I wrote a script (BASH) with a simple UI to play Internet radio stations through xmms2. There are links to it below along with UI description.

I used to be a big xmms fan and had a hard time when most of the Linux distros quit supporting it and switched over to xmms2 which is a daemon, not the client everyone was used to. Lets just say I ignored it for a long time. Eventually, I wore down building xmms from source every new major upgrade and solving all the GTK compatibility problems. So I started using other players (none even touch xmms). Eventually I got over it and started using xmms2. Now I am finding I really like many of its features. I have one of my Raspberry Pi's set up with xmms2 running so I can control it from anywhere in the house via ssh over WiFi (i.e. the couch). The Rpi is plugged into a Bose. It's a pretty sweet setup if you're lazy like me.

Here is the script. And here is my current stations list.

Quickstart guide:

  • radio -l or radio --list will give you a list of stations in the .radiodb file.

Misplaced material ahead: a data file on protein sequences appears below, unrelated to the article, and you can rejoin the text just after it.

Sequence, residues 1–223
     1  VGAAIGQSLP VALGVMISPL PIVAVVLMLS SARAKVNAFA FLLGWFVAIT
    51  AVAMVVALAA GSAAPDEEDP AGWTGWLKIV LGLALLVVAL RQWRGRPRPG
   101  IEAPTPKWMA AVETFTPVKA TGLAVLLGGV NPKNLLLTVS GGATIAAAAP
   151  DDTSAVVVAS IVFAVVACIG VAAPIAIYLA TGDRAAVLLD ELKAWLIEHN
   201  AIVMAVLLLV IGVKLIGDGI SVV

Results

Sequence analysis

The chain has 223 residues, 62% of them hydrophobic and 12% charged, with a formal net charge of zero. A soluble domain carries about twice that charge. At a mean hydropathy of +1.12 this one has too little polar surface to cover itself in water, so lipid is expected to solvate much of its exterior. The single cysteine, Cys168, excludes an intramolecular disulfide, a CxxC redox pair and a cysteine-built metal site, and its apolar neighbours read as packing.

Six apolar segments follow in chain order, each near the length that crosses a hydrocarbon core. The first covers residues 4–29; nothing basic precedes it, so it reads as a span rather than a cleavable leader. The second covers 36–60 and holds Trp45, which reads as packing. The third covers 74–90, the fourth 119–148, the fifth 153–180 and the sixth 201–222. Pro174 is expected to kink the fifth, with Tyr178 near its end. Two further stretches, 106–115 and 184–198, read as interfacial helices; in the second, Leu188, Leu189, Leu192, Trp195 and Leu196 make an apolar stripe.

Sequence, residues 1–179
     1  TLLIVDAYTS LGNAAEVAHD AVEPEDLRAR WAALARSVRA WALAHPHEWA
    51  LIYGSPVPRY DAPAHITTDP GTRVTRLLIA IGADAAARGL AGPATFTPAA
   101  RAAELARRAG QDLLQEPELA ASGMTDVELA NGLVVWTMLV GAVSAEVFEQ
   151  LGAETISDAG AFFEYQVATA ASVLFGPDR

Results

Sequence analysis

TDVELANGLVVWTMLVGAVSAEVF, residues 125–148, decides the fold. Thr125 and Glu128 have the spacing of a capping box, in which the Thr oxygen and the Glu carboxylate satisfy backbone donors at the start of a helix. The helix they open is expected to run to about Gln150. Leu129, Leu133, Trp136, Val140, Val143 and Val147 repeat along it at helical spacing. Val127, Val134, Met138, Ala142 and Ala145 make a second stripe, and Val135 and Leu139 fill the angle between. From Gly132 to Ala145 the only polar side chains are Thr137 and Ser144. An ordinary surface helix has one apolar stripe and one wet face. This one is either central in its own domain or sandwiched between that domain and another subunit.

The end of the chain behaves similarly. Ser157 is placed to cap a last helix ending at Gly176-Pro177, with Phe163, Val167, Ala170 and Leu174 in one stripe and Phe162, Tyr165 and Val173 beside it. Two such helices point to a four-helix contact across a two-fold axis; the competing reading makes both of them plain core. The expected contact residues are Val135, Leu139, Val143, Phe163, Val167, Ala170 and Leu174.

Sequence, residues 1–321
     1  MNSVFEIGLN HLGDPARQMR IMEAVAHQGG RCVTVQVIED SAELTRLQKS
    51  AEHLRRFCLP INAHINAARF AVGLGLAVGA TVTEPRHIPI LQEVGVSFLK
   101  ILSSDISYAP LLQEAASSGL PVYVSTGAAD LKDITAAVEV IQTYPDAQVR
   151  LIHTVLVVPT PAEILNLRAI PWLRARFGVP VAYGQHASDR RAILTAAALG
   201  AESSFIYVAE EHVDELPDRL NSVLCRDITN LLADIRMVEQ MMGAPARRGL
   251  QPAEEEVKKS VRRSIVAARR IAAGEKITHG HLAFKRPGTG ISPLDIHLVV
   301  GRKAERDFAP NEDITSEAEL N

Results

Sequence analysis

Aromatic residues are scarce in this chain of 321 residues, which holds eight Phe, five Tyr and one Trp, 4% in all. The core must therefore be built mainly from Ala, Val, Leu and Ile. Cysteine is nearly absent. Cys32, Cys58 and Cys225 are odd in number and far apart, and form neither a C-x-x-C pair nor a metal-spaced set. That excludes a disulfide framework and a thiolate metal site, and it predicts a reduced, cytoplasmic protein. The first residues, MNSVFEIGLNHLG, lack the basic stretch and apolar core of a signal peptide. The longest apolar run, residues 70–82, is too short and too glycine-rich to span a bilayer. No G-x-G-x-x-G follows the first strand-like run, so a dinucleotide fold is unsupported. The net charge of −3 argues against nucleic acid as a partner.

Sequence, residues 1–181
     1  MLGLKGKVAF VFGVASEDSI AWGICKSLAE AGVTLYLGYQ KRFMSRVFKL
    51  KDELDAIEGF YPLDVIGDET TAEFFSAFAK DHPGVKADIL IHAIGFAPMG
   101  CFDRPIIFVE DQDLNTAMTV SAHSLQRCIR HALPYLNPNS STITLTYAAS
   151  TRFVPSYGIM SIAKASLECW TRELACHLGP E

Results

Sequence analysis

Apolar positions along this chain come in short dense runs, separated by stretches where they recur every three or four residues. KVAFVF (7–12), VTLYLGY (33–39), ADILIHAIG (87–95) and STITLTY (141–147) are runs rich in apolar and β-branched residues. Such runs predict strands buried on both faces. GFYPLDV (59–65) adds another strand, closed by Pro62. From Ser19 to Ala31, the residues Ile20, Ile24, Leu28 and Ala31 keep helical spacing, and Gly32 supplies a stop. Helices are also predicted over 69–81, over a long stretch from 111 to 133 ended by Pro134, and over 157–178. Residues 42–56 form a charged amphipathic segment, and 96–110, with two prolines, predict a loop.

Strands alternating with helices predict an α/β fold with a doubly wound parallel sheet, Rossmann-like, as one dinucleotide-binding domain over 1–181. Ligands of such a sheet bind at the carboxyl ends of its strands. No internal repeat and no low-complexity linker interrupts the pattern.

• radio <name> will play the first station in the list that regex matches <name> (name can be an -E regular expression). I put this in there mostly to be able to shorten the control strings.
  • radio -v <ipcnt> or radio --vol <ipcnt> will set the volume to the integer percentage (0-100). This only changes one of the mixer volumes in a Linux system. Depending on your audio setup you may have more gain settings that act on top of this one.
  • radio -m or radio --mute is a toggle that will either mute or unmute your sound.
  • radio -p or radio --pwr is a toggle that will either turn on or off streaming of the current station. (xmms2 daemon is still up)
  • radio -i or radio --info will list info about the station, often including the title of what is being played (depends on the station). Actually, just typing radio will give you the same info.
  • radio -h or radio --help will print a screen of usage information (like this).

The flags can be combined. You have to have the xmms2 daemon already running.

I already know the Bose can play Internet radio. Their interface makes it extremely limited for me (Linux). Plus this is cooler.

Now, I need to write a "Geico Insurance Ad" detector that will auto-change the station whenever it detects an Australian accent. God - I hate those targeted ads that icecast runs. In the US you get Geico ads. They're not frequent, but they're sure annoying. Fortunately, most of the stations aren't icecast.